Demand for ethically sourced gems means that gem dealers must consider spending more time (and money) on proper sourcing, fair wage cutting and transparency in disclosure. Bringing a murky international market with little government oversight up to those standards isn’t cheap, but it is an effort to be applauded, not criticized. Consumers are asking for that, and the trade is listening. Organic foods go for up to twice as much money as regular food, and gems with pedigree cost more too. This is as it should be as far as I am concerned.
So did prices for everything increase? As I said above, no, not quite everything. Russian demantoids are one such case. The Russian sellers I work with have had to sponsor production since Covid, with very difficult selling conditions because of the war. Flights from Russia must go through the countries that allow planes from Russia to land: Turkey, Armenia, Kazakhstan, Kuwait, among others. The inventory, meanwhile, is first exported to Hong Kong (with shipping going through intermediary countries as well). And in Russia, it is expensive to obtain the permits and paperwork to do the mining in the first place. As a result, there’s a bit of an overstock situation right now and prices are the same as they have been in the last five years. (I need to hedge here: I don’t know that much about prices for gems above two carats as I do not have much demand for those. I am going by prices for smaller goods).
Also, my benitoite dealer supplied me with my usual small parcel at the same prices as he had in February. There has been a small increase in the past year, but not more than 15% and that is not much for a gem that is completely mined out, yet in high demand. My dealers, who are the owners of the remaining rough, have gone through all of the small material and now they remove the host rock from larger pieces with acid, a dangerous proposition that has to be done outdoors and requires inordinate amounts of baking soda to neutralize it. Each larger rock they soak is a crapshoot: sometimes there’s something gemmy in there, sometimes not.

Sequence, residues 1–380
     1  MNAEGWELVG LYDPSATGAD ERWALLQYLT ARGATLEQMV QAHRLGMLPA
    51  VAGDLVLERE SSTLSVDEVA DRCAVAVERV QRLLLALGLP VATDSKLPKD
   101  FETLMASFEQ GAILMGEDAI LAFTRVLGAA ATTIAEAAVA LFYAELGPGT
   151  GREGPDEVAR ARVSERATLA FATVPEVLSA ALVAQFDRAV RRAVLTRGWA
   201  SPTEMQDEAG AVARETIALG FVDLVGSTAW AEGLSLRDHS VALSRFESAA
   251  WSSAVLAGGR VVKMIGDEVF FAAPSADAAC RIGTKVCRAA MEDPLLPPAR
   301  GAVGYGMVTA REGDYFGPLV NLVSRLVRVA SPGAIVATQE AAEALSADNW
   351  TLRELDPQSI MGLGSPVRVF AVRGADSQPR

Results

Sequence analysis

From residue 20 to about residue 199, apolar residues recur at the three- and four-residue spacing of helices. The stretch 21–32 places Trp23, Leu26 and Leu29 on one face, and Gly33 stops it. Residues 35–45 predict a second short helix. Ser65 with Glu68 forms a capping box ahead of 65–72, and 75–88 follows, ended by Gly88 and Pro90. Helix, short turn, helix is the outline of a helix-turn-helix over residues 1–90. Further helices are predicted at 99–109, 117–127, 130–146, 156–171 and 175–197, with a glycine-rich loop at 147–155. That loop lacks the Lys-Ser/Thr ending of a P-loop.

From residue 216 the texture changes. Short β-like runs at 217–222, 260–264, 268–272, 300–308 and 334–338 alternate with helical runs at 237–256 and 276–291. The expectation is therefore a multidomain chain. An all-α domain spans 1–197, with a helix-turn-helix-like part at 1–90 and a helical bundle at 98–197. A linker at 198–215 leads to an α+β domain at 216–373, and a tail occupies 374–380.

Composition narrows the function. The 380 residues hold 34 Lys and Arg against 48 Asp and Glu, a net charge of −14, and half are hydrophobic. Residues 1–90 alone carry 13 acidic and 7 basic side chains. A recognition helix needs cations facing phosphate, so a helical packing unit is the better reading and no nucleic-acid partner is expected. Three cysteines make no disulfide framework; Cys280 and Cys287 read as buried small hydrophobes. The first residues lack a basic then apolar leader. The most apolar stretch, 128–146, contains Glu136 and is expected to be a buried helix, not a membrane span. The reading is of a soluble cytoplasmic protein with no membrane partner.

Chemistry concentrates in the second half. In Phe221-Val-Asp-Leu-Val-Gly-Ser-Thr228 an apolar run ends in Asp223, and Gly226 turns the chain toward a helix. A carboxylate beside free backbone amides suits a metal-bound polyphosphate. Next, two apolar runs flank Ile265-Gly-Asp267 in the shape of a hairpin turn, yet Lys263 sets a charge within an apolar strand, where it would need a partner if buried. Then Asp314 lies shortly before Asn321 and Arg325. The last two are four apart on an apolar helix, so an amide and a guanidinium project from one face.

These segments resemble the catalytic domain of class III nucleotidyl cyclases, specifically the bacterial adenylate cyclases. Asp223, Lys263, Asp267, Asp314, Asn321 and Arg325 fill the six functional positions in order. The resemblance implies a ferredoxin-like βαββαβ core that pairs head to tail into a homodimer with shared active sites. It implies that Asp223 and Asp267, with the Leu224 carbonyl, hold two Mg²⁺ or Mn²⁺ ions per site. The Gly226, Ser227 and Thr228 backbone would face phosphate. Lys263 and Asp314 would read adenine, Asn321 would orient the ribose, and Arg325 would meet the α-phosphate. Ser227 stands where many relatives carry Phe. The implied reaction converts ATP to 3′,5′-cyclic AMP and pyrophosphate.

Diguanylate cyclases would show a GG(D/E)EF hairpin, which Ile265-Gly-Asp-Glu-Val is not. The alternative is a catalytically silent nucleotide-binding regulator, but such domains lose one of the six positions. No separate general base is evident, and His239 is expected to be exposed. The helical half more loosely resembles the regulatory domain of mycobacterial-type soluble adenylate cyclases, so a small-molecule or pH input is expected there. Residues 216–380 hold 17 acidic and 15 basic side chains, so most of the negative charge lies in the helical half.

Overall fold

Now, let me tell you a bit about what I actually acquired:
I bought a lot of sapphire melees again, including 4mm hexagon pairs, kites, pear pairs, small ovals and a lot more that I have to go through. All those prices were up only about 20% from the whole year, but the sellers told me in no uncertain terms that once the production is sold out, they cannot cut more at those prices. I expect that market to double in the next couple of years once the current productions are moved out.
Hexagon pair above currently in the shop here
Paraiba prices went up a lot in 2021 and the first half of 2022. Right now, they are stable with a small upward trickle. I spoke only to two vendors, one of them is my standard NY supplier but their offerings are down to very little. The other is a company that has claims to a mining area in Brazil and they run a big production. Smaller stuff is coming out, larger stuff is rare. I bought only one piece, which is going into a ring that you will see in a few weeks. I still have smaller stock available.
I have a few surprises in store for you but I need to have them batch tested and also get mini certs for ‘no heat’ to make sure you are getting what I was told I was buying. Several will be sapphires. I expect most of it to come out just fine but it is best to double check when in doubt. I even bought two diamonds this time, both fancy yellow VS, one of them an amazing marquis. Again though I feel you need the cert for them and it’s only $65 with GIA so it will not break the bank for me or for you when you buy them from me.
My favorite purchase this time around was actually cobalt spinel (again). This material, despite the astronomical prices, is getting very popular in the market, and so I figured I should go “long” as they say in the stock market. Also, I cannot help myself, I just love (love love) the stuff. Please inquire about these as I am not sure I will list them on Etsy anytime soon. Most people who have cobalts are actually hoarding them right now.
More to come as time permits! Happy shopping. Please inquire about any of my other purchases in the meantime.